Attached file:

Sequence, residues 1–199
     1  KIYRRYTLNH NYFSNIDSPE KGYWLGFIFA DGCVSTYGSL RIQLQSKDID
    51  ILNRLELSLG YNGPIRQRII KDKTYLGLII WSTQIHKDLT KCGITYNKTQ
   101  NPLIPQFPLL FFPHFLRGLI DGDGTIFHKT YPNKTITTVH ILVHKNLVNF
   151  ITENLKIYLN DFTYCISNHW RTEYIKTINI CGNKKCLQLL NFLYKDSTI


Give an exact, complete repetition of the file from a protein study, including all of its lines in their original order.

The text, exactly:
Sequence, residues 1–199
     1  KIYRRYTLNH NYFSNIDSPE KGYWLGFIFA DGCVSTYGSL RIQLQSKDID
    51  ILNRLELSLG YNGPIRQRII KDKTYLGLII WSTQIHKDLT KCGITYNKTQ
   101  NPLIPQFPLL FFPHFLRGLI DGDGTIFHKT YPNKTITTVH ILVHKNLVNF
   151  ITENLKIYLN DFTYCISNHW RTEYIKTINI CGNKKCLQLL NFLYKDSTI